post #69 of 209
I guess I'm a little confused. I thought that part of AP was being available and there for your children to foster a bond. Breastfeeding isn't simply about providing the most nutritional food for your baby. Or is that the only reason some AP people do it?

My kids are a little older but I can tell you that at 4 & 5 there are still plenty of situations where, in their eyes, there is no substitute for mom. When they get hurt, when they are not feeling well, when they are tired and cranky. The list goes on. If one of them falls and scrapes their knee yeah daddy can comfort them but enter mama and believe me you know who they want and need at that moment.

I am sorry but no employer will cater to your kids needs. Kids are not meant to be away from their mom hours at a time on a consistent basis. At least not at a younger age. Unfortunately our society has evolved into a very unnatural society. People have been taught that it is the norm and that it is ok, even that it's the best thing for kids. But whether it be in our society or in the wild, imo, children are meant to be with their parents, predominately their mothers, a majority of the time.

Our society has moved so far away from that so it is becoming more and more difficult for many and for some even impossible. So I do see it as necessary not to condemn women for making this choice but I don't see it as the best choice and it makes complete sense to me for Mothering to take a stance on one and simply be accepting of the other.

I know that the feminists are all upset because it's all about choices for women. I agree to some extent. I don't want a man telling me I can't work or that I can't vote or that I don't have a brain and need to stay home and just raise children. I don't think you can decide to be a surgeon, refuse to touch blood, refuse to go to school for years, refuse to learn about the human body and expect to become one of the best surgeons in this country. Likewise I don't think you can decide to be a parent and refuse to do what's necessary to be the best parent. Choices to me is being able to decide when I want to leave my career to have children or whether I want to have them at all. You can have it all but there's good, better and best. It seems to me that AP and NFL is all about being the best and in tune to what's natural to use as your guide. It is not natural to abandon babies and children at such a young age even though many people now believe it is.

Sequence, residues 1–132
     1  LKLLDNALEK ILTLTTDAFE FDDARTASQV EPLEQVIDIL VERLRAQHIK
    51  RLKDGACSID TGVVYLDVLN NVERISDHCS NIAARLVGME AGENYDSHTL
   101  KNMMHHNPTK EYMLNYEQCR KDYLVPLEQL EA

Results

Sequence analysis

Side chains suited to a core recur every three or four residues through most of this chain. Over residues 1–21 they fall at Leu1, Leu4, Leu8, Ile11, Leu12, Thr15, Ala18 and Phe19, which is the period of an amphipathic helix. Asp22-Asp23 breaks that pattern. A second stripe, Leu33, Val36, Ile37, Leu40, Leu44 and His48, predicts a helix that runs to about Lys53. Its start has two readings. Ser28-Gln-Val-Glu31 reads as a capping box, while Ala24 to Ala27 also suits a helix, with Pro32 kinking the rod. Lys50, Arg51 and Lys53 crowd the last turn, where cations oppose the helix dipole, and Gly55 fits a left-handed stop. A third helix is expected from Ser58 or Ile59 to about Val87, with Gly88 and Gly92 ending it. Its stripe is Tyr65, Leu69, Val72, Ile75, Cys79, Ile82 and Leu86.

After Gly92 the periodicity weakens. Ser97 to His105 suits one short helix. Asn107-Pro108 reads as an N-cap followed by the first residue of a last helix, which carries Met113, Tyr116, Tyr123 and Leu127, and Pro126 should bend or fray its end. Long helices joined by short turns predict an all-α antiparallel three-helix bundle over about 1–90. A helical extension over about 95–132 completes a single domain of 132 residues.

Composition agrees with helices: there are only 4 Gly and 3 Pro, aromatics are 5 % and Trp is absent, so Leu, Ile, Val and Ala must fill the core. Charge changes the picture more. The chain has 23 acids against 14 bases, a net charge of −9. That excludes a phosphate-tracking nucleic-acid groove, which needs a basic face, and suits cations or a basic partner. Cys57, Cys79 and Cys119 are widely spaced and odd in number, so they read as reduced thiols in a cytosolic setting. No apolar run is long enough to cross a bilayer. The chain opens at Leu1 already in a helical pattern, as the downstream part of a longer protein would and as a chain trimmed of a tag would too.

post #70 of 209
Thread Starter 
Quote:
Has anyone submitted an article (or an idea for an article) on this to Mothering?
I've thought about it, but discouraged myself for exactly the fear Lumi and others mention: that "WOH is only OK if you truly have no choice." I'm a single, WOH mom now, and began working because my x left. (When we were married, we'd planned for me to be a SAHM.) Now, as it happens, as time has passed and I've experienced both SAHMing and WOHMing, work has become a choice for me as well as something I have to do (to pay our bills). If I were still married, I probably would have chosen to go back to work. It's what is right for me, for my daughter, for our family. And unfortunately, were I to tell MY story I don't think people would see the "choice" aspect of it, and that is the most important part of the story.

Quote:
I think this is an area Mothering should take advantage of. It's awfully easy, when you're WOH, to say "oh, I can't bf (or CD, etc.) b/c I'm WOH." Mothering should be showing people that you CAN do both.
And hmmm, a cover story on that subject would get people to BUY the magazine! (And if the subject of WOH were treated well, inclusively of all families' choices, then such a story wouldn't offend existing SAH readers.)

There are working-parent magazines, well, maybe one. But it is hardly AP. There's a large niche of working AP (or AP-interested) parents who might bring in subscription and advertising dollars for a magazine savvy enough to support them.
post #71 of 209
Quote:
My kids are a little older but I can tell you that at 4 & 5 there are still plenty of situations where, in their eyes, there is no substitute for mom.
How difficult that must be for the children in such situations. And how sad for their father.
post #72 of 209
Quote:
Originally Posted by em&namama
You can have it all but there's good, better and best. It seems to me that AP and NFL is all about being the best and in tune to what's natural to use as your guide. It is not natural to abandon babies and children at such a young age even though many people now believe it is.
Wow. Nice to know that working = ABANDONING my children. Exaggerate much?
post #73 of 209
Quote:
Originally Posted by em&namama